Hun Sen Orders Gov’t Officials To Save Energy

Prime Minister Hun Sen has or­dered government officials across the country to adopt strict electricity conservation measures—a move that will extend as far as turning off street lamps.

In a government directive issued Wednesday, the prime minister wrote that the government plans to spend $24 million to subsidize the state-owned utility Electricite du Cambodge in an effort to keep electricity prices down. He added that the government expects to spend even more in subsidies in the future.

Given that the government is al­ready spending millions subsidizing the EdC, Hun Sen said that oth­er cost-cutting measures related to electricity must be enacted.

“The government has a policy for all state ministries and institutions across the country to participate in saving electricity usage in order to decrease national budget expenditures,” the prime minister wrote.

According to the directive, government officials must set their air conditioner units to no lower than 25 degrees Celsius, and said air conditioners must be turned off 30 minutes before officials leave their offices.

All computers, printers and copy machines not in use are to be switched off, the directive states, adding that all non-air-conditioned offices must keep doors and windows open to make use of natural light.

The order also extends into the public sphere, mandating that only half of all streetlamps be illuminated, and then only when it is already dark out. It also tackles the issue of illegal connections to the electrical grid.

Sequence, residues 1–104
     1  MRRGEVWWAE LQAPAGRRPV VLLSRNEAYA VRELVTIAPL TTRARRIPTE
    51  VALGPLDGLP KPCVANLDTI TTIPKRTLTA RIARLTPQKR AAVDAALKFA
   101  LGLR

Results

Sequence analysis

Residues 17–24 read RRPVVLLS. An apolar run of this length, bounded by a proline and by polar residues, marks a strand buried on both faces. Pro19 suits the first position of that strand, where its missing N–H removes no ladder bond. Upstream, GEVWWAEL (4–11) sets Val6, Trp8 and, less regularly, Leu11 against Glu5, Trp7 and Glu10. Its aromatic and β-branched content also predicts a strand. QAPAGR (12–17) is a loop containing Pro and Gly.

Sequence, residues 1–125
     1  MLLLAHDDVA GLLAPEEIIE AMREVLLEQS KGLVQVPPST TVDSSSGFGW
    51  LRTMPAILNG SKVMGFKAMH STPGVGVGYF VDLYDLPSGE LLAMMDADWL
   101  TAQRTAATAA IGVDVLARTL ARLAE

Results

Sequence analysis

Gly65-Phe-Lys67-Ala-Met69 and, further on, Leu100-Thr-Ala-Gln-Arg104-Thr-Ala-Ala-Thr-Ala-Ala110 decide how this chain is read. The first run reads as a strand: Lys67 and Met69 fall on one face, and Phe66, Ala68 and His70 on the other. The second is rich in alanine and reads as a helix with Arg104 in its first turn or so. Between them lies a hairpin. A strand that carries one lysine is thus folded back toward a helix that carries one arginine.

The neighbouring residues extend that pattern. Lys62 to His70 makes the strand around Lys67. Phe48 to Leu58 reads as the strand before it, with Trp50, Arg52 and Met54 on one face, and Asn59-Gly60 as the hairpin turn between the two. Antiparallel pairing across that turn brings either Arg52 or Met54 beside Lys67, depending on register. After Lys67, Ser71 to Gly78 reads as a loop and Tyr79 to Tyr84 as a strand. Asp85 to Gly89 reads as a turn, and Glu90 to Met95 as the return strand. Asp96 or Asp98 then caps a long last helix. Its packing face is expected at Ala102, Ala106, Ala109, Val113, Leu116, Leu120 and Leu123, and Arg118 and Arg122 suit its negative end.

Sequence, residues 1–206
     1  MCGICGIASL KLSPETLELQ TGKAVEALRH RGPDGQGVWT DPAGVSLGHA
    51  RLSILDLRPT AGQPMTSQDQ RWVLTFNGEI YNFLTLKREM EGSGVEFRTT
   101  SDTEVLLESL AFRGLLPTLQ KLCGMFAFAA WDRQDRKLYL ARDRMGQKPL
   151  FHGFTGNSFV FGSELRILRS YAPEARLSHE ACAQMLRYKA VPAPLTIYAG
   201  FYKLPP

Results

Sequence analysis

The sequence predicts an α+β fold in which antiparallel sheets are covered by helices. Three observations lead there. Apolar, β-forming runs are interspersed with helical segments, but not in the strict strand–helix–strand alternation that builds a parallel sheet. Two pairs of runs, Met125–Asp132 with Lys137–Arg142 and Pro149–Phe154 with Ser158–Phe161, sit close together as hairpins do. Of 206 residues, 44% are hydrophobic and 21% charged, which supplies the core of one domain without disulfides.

“The Ministry of Interior must cooperate with the Ministry of In­dustry in order to eliminate illegal electricity connections. The electricity providers must inform customers not to use excessive electricity-consuming equipment,” the directive states.

Ith Praing, secretary of state at the Ministry of Industry, Mines and Energy, said that the directive will help in the uphill battle to reduce electricity consumption.

“If all people conserve electricity, we can…save electricity for areas that lack it,” he said, but added that it was not possible at this time to predict the total savings in power and dollars.

However, Ith Praing added that there are so many government officials that it is going to be a challenge to get them all to manage their power usage properly.

“There is a weakness; there are too many hands,” he said.

The directive makes no mention of disciplinary measures to be taken against officials that do not comply with the order.

SRP President Sam Rainsy said by telephone Wednesday that Hun Sen would better preserve the state’s coffers if he took on government corruption, instead of government air conditioners.

“We don’t need a show directive,” Sam Rainsy said. “The cost of electricity cannot compare to corruption—this is just propaganda.”

He added that the decision to turn off streetlights could have an adverse effect on public safety.

EdC Director-General Tan Kim Van hung up on a reporter when asked about the prime minister’s directive.

 

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